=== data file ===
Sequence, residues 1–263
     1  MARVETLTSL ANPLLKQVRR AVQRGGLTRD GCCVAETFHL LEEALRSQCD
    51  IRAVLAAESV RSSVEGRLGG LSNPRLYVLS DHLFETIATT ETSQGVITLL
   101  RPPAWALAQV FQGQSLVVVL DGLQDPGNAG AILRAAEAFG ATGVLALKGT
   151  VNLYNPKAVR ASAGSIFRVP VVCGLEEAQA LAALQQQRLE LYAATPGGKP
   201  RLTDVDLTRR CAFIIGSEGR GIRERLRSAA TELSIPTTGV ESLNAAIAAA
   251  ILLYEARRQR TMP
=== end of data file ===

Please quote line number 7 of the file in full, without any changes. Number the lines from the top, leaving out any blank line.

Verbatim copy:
   251  ILLYEARRQR TMP